February is the month when the relative calm of winter ends. The days start to get longer, the cover crops explode into growth thanks to the sun and rain, and it starts to feel like spring is just around the corner. Of course, it's not, quite; it's still often below freezing at night, and the grapevines won't sprout for another month at least. But all of a sudden you know the clock is ticking.
This is when we prune. You need to wait until the vines are dormant to prune them, so that they can store up the necessary vigor in their roots. But pruning too early encourages the vines to sprout early too, and in an area prone to spring frosts -- like Paso Robles -- that's a risk. So, rather than prune in December or January, we prune in February and March, starting with the varieties that sprout late, and which we're not too worried about freezing, like Mourvedre and Roussanne. We try to finish with Grenache, Grenache Blanc, and Viognier, which all tend to sprout earlier, in the hopes of getting another week or ten days of dormancy out of them.
Two weeks ago, we had just started pruning the Roussanne and the Mourvedre. Viticulturist Levi Glenn and Vineyard Manager David Maduena took a few minutes to explain what they aim for in their pruning, and then demonstrate on a couple of Roussanne vines. First, the overview:
Then, they dive in, first Levi demonstrating how we choose which canes to leave and which to prune off, then David pruning a vine at full speed. It takes him 23 seconds.
Yes, all this is done by hand. We have about 105 acres in production. 80 of these acres are trellised like the ones in the videos, at roughly 1800 vines per acre. The other 25 acres are head-pruned, at much lower density, typically 600 vines per acre. That's about 160,000 vines to prune. At 23 seconds each, that's about 1,022 man hours of work. Figure that we typically have 8 of our full-time crew working on pruning in this season, with an hour of breaks each day makes 146 days of work... or with a crew of 8, just over 18 work days each. That sounds about right... roughly a month of work, if the weather holds.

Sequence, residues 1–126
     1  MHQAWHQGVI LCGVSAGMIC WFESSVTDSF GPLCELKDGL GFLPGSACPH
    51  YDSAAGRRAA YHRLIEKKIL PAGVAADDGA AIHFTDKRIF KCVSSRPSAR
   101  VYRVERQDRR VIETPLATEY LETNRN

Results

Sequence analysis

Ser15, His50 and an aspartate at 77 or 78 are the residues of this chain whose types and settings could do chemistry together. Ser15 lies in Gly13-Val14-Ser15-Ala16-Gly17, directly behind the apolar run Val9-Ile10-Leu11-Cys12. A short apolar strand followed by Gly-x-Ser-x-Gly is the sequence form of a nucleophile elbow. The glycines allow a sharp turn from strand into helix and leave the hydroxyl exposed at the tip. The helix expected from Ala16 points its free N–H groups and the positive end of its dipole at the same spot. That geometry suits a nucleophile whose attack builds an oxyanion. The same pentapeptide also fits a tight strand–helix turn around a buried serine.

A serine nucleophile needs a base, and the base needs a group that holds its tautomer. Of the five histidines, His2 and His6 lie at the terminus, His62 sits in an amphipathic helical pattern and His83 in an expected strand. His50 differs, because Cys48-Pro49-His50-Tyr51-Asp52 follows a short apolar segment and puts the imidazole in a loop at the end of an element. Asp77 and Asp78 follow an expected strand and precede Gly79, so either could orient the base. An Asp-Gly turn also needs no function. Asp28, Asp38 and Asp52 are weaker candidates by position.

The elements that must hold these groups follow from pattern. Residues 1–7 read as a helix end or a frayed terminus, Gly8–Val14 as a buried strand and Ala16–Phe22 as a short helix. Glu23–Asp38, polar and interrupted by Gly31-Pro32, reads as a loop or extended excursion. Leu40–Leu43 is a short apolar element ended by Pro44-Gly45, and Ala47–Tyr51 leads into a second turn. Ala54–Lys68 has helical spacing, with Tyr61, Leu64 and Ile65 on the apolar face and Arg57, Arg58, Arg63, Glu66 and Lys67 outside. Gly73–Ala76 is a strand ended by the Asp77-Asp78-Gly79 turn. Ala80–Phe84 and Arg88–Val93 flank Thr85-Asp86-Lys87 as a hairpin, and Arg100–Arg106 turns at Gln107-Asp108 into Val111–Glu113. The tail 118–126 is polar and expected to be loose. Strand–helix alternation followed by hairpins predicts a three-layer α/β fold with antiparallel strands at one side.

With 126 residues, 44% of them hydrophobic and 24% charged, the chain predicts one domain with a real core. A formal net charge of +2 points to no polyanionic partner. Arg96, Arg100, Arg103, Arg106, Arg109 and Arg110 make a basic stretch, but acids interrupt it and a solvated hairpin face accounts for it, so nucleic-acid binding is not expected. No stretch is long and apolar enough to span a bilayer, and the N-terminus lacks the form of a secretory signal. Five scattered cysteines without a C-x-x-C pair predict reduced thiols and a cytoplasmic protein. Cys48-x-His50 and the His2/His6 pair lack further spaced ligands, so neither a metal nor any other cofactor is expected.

Why does all this matter? Having the correct pruning on our vines has several positive effects:
- It reduces yields and improves quality. As a rough estimate, you can figure on one cluster of grapes per bud that you leave during pruning. Leaving six spurs each with two buds predicts roughly a dozen clusters of fruit, which should give us about the three tons per acre we feel is ideal for our setting and our style.
- It makes for a healthier growing season. If we space the buds correctly, we should have good vertical growth of canes and have clusters of fruit hanging below the canopy. This configuration means that air flow through the rows should naturally minimize mildew pressure. It will also shade the fruit from the sun at the hottest times of day, while allowing any nutrients or minerals we spray onto the vineyard to penetrate the canopy.
- It promotes even ripening. Different vines in any vineyard block have different base levels of vigor. If left to their own devices, some might set a dozen clusters while others might set forty. Of course, the more clusters, the slower they ripen. Getting an even cluster count helps minimize the spread between first and last fruit ripe in a block and makes the job of the picking crew much easier.
- It sets up the vine for the following year. Done well, pruning encourages the growth of wood in places where it will be needed in future years, filling in gaps where cordons may have died back in previous years or separating spur positions that have grown too close.
- It saves labor later. A good example of how much labor good pruning saves can be found by looking at a frost vintage, where the primary buds have been frozen and secondary buds left to sprout wherever the vine chooses.
So, we've been spending February giving the vineyard its winter haircut, while we hope for continued frosty nights that will delay the day when the vines will sprout to begin the 2012 growing season, and we get to start worrying about frost.